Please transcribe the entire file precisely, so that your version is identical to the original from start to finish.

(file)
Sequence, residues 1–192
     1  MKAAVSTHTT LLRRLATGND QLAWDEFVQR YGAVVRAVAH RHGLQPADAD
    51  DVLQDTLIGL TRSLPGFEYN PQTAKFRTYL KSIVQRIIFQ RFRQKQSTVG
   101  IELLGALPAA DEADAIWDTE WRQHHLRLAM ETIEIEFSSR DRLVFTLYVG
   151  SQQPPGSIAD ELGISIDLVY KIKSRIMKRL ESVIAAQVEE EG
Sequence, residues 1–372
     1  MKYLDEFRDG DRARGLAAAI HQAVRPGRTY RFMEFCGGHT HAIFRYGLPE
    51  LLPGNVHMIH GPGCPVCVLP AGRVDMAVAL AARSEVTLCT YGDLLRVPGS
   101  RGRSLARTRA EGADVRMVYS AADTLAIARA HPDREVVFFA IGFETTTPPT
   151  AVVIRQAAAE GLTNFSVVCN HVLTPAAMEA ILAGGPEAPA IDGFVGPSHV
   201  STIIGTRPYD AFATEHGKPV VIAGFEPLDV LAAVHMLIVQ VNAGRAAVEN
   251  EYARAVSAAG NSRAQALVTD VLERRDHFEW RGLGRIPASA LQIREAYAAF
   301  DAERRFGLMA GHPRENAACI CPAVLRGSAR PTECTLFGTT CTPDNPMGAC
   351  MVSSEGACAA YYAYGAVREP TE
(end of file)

Sequence, residues 1–192
     1  MKAAVSTHTT LLRRLATGND QLAWDEFVQR YGAVVRAVAH RHGLQPADAD
    51  DVLQDTLIGL TRSLPGFEYN PQTAKFRTYL KSIVQRIIFQ RFRQKQSTVG
   101  IELLGALPAA DEADAIWDTE WRQHHLRLAM ETIEIEFSSR DRLVFTLYVG
   151  SQQPPGSIAD ELGISIDLVY KIKSRIMKRL ESVIAAQVEE EG
Sequence, residues 1–372
     1  MKYLDEFRDG DRARGLAAAI HQAVRPGRTY RFMEFCGGHT HAIFRYGLPE
    51  LLPGNVHMIH GPGCPVCVLP AGRVDMAVAL AARSEVTLCT YGDLLRVPGS
   101  RGRSLARTRA EGADVRMVYS AADTLAIARA HPDREVVFFA IGFETTTPPT
   151  AVVIRQAAAE GLTNFSVVCN HVLTPAAMEA ILAGGPEAPA IDGFVGPSHV
   201  STIIGTRPYD AFATEHGKPV VIAGFEPLDV LAAVHMLIVQ VNAGRAAVEN
   251  EYARAVSAAG NSRAQALVTD VLERRDHFEW RGLGRIPASA LQIREAYAAF
   301  DAERRFGLMA GHPRENAACI CPAVLRGSAR PTECTLFGTT CTPDNPMGAC
   351  MVSSEGACAA YYAYGAVREP TE